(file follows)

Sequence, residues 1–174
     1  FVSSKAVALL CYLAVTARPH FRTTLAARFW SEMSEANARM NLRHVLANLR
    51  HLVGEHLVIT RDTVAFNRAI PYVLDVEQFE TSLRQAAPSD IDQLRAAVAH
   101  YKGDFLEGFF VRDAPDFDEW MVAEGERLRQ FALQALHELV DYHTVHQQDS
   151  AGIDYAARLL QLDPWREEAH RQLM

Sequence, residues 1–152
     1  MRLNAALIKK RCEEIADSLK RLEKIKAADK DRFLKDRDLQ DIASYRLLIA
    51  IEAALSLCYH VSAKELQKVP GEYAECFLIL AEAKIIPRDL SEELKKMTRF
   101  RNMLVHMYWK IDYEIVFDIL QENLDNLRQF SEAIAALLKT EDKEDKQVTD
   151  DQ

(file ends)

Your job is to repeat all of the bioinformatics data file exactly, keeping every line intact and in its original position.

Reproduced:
Sequence, residues 1–174
     1  FVSSKAVALL CYLAVTARPH FRTTLAARFW SEMSEANARM NLRHVLANLR
    51  HLVGEHLVIT RDTVAFNRAI PYVLDVEQFE TSLRQAAPSD IDQLRAAVAH
   101  YKGDFLEGFF VRDAPDFDEW MVAEGERLRQ FALQALHELV DYHTVHQQDS
   151  AGIDYAARLL QLDPWREEAH RQLM

Sequence, residues 1–152
     1  MRLNAALIKK RCEEIADSLK RLEKIKAADK DRFLKDRDLQ DIASYRLLIA
    51  IEAALSLCYH VSAKELQKVP GEYAECFLIL AEAKIIPRDL SEELKKMTRF
   101  RNMLVHMYWK IDYEIVFDIL QENLDNLRQF SEAIAALLKT EDKEDKQVTD
   151  DQ